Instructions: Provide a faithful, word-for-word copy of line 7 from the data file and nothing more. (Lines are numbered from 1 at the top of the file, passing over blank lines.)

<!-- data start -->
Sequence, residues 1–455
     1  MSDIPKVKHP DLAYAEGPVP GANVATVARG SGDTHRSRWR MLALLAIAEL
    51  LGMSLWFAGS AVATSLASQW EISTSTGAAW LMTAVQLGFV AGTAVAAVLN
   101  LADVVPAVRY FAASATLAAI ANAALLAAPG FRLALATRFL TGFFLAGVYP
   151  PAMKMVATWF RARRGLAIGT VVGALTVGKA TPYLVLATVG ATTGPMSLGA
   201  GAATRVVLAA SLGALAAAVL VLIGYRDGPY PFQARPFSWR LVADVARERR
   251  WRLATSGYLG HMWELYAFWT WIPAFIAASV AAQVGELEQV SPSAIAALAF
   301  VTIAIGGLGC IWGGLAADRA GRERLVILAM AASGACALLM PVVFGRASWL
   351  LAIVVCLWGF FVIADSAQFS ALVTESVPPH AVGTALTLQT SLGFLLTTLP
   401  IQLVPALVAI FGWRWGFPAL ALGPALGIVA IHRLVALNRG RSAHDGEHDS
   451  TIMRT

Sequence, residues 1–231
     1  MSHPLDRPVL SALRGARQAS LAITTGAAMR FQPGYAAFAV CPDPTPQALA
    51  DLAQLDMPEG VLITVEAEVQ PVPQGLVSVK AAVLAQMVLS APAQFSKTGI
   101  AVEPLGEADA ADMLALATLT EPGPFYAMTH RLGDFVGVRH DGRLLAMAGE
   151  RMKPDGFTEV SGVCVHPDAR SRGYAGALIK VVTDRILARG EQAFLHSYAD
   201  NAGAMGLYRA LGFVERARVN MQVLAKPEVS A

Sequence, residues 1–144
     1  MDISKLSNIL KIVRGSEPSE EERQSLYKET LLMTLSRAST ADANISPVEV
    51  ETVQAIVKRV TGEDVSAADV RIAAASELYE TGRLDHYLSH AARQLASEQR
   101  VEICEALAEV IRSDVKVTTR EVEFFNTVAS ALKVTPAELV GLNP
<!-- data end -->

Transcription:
   251  WRLATSGYLG HMWELYAFWT WIPAFIAASV AAQVGELEQV SPSAIAALAF